Unlike the related Mule Deer (Odocoileus hemionus), which is found in the west and south-west of the US, White-tailed Deer are found through most of North America east of the Rockies Mountains.
The most noticeable differences between White-tailed Deer and Mule Deer are the size and shape of their ears, the color of their tails, and the configuration of their antlers.
Mule Deer have distinct ears set at a 30-degree angle and are larger in size; in fact, this is why they are called "mules". White-tailed Deer have more rounded and erect ears.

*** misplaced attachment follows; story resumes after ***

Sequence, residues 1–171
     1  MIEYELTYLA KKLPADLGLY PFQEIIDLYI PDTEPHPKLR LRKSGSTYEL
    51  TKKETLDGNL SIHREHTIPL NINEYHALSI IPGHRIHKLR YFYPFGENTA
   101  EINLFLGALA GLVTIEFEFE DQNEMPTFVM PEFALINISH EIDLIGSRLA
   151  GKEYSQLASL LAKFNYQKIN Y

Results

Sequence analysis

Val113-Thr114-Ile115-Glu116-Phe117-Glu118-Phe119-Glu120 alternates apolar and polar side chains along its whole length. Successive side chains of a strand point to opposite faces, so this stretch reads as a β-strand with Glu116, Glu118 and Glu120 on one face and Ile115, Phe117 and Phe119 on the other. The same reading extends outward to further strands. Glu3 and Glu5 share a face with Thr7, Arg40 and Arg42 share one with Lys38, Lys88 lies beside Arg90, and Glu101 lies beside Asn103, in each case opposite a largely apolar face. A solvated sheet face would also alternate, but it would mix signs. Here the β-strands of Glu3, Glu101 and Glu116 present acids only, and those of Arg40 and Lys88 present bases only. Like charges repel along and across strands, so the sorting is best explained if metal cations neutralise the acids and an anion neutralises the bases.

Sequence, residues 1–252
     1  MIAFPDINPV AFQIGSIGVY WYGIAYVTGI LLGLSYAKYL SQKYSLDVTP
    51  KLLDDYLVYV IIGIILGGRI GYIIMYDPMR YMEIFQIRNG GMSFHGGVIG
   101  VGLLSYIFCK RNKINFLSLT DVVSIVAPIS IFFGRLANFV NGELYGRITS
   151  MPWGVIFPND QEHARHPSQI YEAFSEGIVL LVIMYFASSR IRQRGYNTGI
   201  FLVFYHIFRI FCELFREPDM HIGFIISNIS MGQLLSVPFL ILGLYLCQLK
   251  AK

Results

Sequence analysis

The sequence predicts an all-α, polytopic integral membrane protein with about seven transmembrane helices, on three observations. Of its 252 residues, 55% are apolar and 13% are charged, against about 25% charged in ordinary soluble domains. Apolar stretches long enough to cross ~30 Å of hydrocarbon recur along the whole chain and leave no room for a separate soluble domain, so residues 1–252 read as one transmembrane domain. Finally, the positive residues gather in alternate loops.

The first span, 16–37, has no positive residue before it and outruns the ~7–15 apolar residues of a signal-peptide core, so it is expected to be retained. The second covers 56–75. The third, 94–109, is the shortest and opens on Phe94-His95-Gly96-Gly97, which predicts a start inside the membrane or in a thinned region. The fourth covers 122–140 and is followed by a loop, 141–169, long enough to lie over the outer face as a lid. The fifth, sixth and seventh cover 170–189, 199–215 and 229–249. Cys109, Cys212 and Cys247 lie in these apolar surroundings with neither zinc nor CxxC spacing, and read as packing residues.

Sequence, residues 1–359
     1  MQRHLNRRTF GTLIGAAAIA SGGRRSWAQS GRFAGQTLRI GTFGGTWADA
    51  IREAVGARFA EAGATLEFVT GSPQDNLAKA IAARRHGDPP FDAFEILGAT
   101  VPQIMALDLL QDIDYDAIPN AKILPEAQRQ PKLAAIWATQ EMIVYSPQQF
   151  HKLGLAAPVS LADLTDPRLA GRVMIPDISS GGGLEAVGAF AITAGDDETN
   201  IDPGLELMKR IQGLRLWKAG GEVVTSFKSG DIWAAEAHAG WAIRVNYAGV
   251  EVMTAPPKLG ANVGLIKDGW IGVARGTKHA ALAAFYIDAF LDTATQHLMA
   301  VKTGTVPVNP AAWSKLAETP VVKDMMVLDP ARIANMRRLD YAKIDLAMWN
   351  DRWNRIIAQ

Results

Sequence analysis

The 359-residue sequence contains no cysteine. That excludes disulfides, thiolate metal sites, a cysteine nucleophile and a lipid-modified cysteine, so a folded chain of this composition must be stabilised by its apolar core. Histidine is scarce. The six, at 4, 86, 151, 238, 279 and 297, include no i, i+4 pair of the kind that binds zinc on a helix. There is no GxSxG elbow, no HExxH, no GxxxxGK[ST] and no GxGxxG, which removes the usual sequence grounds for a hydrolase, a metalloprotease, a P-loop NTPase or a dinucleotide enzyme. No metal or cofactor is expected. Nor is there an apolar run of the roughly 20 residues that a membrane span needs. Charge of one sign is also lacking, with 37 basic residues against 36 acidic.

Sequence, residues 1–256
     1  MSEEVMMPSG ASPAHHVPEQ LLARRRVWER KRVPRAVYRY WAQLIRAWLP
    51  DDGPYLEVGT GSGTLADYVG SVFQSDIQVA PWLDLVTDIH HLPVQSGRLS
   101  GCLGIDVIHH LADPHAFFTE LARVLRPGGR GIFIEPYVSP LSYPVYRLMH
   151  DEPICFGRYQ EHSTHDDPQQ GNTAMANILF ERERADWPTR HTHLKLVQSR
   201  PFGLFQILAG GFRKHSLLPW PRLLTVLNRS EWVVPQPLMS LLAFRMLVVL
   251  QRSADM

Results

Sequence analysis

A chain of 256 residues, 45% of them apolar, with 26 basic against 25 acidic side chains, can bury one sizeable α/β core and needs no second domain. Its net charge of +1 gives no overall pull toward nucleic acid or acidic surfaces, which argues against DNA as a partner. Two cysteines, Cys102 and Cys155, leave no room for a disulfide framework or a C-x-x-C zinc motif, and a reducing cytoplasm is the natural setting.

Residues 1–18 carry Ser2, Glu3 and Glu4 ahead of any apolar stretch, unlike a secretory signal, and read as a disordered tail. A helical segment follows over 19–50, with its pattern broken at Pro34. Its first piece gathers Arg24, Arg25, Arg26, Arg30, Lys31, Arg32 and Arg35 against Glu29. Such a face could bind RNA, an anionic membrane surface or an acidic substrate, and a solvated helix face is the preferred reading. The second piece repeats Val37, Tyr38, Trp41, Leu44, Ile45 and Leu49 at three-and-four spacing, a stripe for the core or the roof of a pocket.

The Mule Deer's tail is black-tipped whereas the White-tailed Deer's tail is not.
White-tailed Deer bucks' antlers consist of a main beam, from which different tines (points) grow upwards. Their antlers are almost always symmetrical.
The Mule Deer buck has antlers forking in two directions as they grow, splitting again to create more tines.
Finally, when running, Mule Deer have a stiff-legged, bounding hop that Whitetails do not have. White-tailed Deer gallop rather than hop.
Sierra Vista, Arizona, USA, 28 April 2008